43. I did exactly *this* this year. I’ve always wanted to do interior design and I’ve been doing it for friends and family on the side for several years so I thought, “why not?” It’s been far more successful than I expected but you also see all of the holes in your abilities pretty quickly. I’ve done a good job of partnering with other people who are positive to work with, but some of the gaps I wonder about. For instance, I don’t do CAD and with it’s use on HGTV, everyone seems to want it. I’ve learned some stuff and done it for a few clients, but honestly, it sucks the joy out of the art of design for me. How do you manage that? Client expectations which seem to be standard with your ability and/or desire to provide a service?

  44. Soooooo needed to read this today. Thanks for the encouragement. Just start! Perfectionism is my enemy and as soon as I get past that, fear kicks in. It really means to a lot to know that you struggled with these as well… And got past them! happy Tuesday!

  45. This post comes just in time!

    Last Sunday I uploaded my portfolio on the Internet. It’s been in my To Do list for months because I’ve always thought it was not good/ready/long enough, but I just pressed the publish button and let everyone knows I was “on air”. Now I’ll keep on creating projects even if I make them in my own house at first.

    Thanks Emily 😉

  46. Loved so many messages in this! I’ve been working on designs for my etsy shop for WEEKS now to make it perfect. My husband has been saying exactly what you said about just starting and putting it out there! The “147 paintings” part made me laugh as my etsy is nursery/kids art, and I started designing a print for each letter of the alphabet. I decided getting the full alphabet complete was not a reason to hold back all of the other pieces I have ready to go! Plus, what if I waited and no one cared for those pieces? It’s nursery/kids art and I finally just went with it this weekend making my “big” announcement!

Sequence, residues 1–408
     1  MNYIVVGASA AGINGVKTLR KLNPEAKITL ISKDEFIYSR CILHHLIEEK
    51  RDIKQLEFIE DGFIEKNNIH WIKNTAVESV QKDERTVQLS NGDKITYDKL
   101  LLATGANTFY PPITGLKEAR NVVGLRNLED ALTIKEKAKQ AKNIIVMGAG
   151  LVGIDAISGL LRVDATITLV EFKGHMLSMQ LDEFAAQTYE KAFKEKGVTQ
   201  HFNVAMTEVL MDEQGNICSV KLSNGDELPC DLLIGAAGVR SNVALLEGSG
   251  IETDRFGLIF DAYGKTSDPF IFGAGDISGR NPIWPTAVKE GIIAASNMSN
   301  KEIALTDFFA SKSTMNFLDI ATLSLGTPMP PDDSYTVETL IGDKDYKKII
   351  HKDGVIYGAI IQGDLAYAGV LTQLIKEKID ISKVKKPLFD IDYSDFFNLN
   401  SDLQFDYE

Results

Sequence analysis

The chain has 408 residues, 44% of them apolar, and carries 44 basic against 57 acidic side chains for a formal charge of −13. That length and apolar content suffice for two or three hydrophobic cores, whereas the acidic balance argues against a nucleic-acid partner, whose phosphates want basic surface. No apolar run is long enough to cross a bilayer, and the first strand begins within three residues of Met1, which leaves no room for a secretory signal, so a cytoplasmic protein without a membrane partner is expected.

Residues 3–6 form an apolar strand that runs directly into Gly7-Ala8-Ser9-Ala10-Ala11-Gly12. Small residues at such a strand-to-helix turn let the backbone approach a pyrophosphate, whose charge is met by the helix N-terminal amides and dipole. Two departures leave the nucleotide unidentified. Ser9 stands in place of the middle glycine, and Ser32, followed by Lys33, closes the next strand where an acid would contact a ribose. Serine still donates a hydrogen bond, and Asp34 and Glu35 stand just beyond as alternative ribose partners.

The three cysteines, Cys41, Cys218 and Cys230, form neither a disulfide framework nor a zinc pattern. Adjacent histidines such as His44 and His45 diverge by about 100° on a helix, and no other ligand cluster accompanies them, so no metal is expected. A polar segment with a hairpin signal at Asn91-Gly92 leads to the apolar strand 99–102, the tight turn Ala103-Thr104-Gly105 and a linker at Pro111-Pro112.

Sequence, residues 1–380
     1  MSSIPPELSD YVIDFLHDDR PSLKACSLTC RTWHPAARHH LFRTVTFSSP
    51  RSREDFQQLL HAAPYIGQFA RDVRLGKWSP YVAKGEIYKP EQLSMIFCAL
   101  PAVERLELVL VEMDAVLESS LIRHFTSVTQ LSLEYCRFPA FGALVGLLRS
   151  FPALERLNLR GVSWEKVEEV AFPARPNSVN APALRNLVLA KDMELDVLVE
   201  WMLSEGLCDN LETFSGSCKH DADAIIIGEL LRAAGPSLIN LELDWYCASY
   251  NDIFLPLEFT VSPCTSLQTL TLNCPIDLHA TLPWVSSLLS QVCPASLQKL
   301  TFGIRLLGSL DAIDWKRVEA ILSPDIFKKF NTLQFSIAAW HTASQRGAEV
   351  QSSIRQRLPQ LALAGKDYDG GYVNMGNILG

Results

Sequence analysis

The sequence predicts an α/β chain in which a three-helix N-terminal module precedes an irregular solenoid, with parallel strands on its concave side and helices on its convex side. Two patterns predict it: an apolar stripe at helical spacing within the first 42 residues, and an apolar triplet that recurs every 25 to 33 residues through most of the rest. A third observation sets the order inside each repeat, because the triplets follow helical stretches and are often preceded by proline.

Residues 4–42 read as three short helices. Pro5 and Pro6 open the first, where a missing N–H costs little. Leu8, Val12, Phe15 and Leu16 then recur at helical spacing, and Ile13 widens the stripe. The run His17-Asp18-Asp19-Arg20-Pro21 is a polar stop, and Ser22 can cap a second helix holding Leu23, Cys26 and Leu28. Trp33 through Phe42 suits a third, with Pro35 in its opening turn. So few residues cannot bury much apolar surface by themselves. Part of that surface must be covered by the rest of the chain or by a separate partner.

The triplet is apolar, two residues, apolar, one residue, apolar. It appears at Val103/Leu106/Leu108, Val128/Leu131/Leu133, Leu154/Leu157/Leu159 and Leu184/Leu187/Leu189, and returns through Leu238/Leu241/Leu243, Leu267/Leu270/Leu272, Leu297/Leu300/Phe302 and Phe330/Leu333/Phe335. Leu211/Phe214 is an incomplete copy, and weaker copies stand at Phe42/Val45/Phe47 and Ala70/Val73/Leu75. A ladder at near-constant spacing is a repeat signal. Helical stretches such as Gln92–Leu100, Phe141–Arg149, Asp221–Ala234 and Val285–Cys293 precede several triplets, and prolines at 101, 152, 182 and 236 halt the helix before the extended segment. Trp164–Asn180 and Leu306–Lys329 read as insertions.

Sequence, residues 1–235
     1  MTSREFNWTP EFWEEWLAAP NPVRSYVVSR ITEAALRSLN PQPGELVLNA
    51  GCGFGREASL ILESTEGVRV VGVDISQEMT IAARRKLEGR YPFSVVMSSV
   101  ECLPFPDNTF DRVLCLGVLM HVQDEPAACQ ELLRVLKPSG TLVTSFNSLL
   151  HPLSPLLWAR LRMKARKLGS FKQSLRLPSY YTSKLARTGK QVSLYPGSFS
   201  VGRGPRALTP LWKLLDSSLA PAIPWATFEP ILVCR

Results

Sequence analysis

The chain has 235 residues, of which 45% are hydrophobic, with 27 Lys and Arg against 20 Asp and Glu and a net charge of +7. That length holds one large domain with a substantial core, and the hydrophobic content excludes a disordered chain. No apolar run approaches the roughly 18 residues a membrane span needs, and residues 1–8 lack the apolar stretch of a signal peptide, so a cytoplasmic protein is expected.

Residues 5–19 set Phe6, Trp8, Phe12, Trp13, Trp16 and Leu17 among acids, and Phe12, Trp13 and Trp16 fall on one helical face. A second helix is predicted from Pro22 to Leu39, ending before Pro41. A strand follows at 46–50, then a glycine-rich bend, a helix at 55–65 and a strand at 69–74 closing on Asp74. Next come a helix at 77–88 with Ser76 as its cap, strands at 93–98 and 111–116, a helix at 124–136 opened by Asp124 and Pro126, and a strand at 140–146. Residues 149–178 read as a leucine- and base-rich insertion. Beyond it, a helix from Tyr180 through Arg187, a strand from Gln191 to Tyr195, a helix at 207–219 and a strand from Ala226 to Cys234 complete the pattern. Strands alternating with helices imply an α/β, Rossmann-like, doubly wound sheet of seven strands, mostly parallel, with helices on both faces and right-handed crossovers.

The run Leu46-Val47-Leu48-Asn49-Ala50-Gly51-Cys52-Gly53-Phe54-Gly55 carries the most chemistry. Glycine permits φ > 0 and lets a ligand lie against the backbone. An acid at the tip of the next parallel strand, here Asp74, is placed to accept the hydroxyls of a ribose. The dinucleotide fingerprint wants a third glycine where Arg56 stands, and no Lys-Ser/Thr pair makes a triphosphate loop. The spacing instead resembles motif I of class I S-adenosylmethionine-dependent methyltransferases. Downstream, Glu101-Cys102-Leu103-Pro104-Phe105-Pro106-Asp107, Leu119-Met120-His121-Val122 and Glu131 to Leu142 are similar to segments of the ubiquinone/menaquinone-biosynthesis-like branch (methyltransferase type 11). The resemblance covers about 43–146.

Another great point in your post is about showing people a skill you have. Just from a couple of “hey look at things I designed” posts, I’ve had two people reach out to me with big projects.

    Thanks for the encouraging read!

  47. Thank you for this post, Emily. It’s just what I needed to read right now! A lot of times I struggle with the perfectionist in me — this post is inspiring me to “just do it”. After nearly a decade of writing a music blog from NYC, I recently started a whole new site devoted to food and travel and my new home of Denver, CO. I’ve read so much other advice on the “best” or the “right” way to kick-start a new blog and get a stronger following, and frankly some of that stuff is exhausting to read. I’m glad to hear someone as successful as yourself say that you gotta just try things and see what happens. Thanks for giving me license to play!